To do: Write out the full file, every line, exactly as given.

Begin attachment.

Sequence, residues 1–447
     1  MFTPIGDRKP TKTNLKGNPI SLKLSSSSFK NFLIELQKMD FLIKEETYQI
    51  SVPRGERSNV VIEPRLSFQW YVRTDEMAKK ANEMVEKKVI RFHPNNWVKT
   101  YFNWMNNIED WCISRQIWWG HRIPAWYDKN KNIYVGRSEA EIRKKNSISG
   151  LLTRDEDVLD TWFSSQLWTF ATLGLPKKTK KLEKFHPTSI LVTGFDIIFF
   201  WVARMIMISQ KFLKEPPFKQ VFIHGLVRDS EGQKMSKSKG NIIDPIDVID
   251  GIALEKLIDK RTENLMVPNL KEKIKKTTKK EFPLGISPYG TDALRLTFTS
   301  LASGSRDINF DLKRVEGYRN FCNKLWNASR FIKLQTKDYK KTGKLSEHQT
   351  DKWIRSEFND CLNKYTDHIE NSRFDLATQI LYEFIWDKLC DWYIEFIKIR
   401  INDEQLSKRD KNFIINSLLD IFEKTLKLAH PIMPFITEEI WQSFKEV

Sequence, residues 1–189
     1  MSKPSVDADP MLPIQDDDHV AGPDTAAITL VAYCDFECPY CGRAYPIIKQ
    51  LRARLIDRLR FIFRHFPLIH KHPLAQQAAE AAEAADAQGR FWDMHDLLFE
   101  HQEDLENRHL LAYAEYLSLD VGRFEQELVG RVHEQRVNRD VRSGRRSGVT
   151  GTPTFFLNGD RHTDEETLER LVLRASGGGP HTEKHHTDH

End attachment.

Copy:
Sequence, residues 1–447
     1  MFTPIGDRKP TKTNLKGNPI SLKLSSSSFK NFLIELQKMD FLIKEETYQI
    51  SVPRGERSNV VIEPRLSFQW YVRTDEMAKK ANEMVEKKVI RFHPNNWVKT
   101  YFNWMNNIED WCISRQIWWG HRIPAWYDKN KNIYVGRSEA EIRKKNSISG
   151  LLTRDEDVLD TWFSSQLWTF ATLGLPKKTK KLEKFHPTSI LVTGFDIIFF
   201  WVARMIMISQ KFLKEPPFKQ VFIHGLVRDS EGQKMSKSKG NIIDPIDVID
   251  GIALEKLIDK RTENLMVPNL KEKIKKTTKK EFPLGISPYG TDALRLTFTS
   301  LASGSRDINF DLKRVEGYRN FCNKLWNASR FIKLQTKDYK KTGKLSEHQT
   351  DKWIRSEFND CLNKYTDHIE NSRFDLATQI LYEFIWDKLC DWYIEFIKIR
   401  INDEQLSKRD KNFIINSLLD IFEKTLKLAH PIMPFITEEI WQSFKEV

Sequence, residues 1–189
     1  MSKPSVDADP MLPIQDDDHV AGPDTAAITL VAYCDFECPY CGRAYPIIKQ
    51  LRARLIDRLR FIFRHFPLIH KHPLAQQAAE AAEAADAQGR FWDMHDLLFE
   101  HQEDLENRHL LAYAEYLSLD VGRFEQELVG RVHEQRVNRD VRSGRRSGVT
   151  GTPTFFLNGD RHTDEETLER LVLRASGGGP HTEKHHTDH